In a Catholic Insight editorial, the magazine said, “Today, Catholic Insight magazine has also become a victim of the new anti-religion. We, too, have been denounced to the Canadian Human Rights Commission in Ottawa for speaking out against the activists who agitated for adding so-called sexual orientation to the Hate Crimes Act in 2003 and the legalization of same-sex "marriage" in 2005. The politically correct activists brook no opposition.”

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Harry Potter, wrong model of a hero, Vatican newspaper says

Vatican City, Jan 14, 2008 (CNA) - J.K. Rowling's successful character Harry Potter is the wrong model of a hero, says the Vatican daily L'Osservatore Romano in its Monday-Tuesday edition.

In an article signed by Edoardo Rialti, L'Osservatore says that many have tried to establish a parallel between Rowling's main character and "the great fantasy masterpieces of John Ronald Reuel Tolkien and Clive Staples Lewis, the Christian authors of the most beloved fables of the 20th Century."

Rialti says that despite the "superficially apparent common points" between Harry Potter and the heroes in Tolkien's and Lewis' stories, Rowling "transmits a vision of the world and the human being full of deep mistakes and dangerous suggestions, even more seductive since it is mixed with half-truths and compelling story-telling."

The author recalls Tolkien's essays about fables, in which he says that "fables can depart from the physical world and the universe created, but not from the moral order: we can imagine a universe illuminated by a green sun, but we cannot bulk to the temptation of presenting as positive a reality in which the moral and spiritual structure are inverted or confused, a world in which evil is good."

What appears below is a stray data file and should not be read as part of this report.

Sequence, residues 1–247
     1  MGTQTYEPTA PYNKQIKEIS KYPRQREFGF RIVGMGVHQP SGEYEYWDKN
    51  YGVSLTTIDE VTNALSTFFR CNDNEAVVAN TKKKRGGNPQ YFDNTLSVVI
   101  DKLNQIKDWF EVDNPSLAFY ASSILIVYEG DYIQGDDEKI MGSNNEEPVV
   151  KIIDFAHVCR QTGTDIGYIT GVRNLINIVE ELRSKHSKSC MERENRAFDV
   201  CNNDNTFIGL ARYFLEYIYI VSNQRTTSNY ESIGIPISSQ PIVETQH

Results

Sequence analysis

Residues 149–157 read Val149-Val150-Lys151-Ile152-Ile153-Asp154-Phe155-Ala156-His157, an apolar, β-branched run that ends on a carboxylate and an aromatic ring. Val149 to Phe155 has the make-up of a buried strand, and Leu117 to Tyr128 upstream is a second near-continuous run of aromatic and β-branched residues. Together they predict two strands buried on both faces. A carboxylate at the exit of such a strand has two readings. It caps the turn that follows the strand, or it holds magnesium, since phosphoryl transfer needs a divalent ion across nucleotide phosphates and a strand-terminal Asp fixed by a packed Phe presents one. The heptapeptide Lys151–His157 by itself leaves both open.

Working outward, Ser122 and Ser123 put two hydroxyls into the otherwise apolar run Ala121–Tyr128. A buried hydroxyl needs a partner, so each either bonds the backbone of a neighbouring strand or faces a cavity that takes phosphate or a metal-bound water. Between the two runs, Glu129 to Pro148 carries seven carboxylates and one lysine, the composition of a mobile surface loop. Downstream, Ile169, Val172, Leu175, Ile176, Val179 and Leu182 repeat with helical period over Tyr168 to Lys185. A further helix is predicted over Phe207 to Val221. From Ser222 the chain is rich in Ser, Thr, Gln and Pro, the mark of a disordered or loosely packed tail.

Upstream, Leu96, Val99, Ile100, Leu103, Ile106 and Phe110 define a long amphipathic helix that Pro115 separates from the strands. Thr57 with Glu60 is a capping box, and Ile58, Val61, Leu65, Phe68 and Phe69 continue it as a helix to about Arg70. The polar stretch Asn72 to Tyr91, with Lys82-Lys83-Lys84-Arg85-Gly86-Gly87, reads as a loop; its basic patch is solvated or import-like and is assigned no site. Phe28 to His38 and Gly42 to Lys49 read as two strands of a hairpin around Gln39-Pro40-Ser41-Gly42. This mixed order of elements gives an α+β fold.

"And this is exactly what happens in Harry Potter," L'Osservatore says. "Despite several positive values that can be found in the story, at the foundations of this tale is the proposal that of witchcraft as positive, the violent manipulation of things and people thanks to the knowledge of the occult, an advantage of a select few: the ends justify the means because the knowledgeable, the chosen ones, the intellectuals know how to control the dark powers and turn them into good."

"This” –the article continues- “is a grave and deep lie, because it is the old Gnostic temptation of confusing salvation and truth with a secret knowledge."

L'Osservatore admits that Harry Potter is "rich in Christian values," for example, "he is an industrious and scientific magician."

"But the main characters of the great fables never become magicians, and the seductive power of magic has always had grave and destructive consequences: the stories of Tolkien and Lewis describe the rejection of magic and power, not of a certain magic and a certain power, but of power and magic as such."

Therefore, the author of the article argues, "There is nothing more antithetical to Harry Potter than Tolkien's young Frodo or Lewis' Pevensie siblings."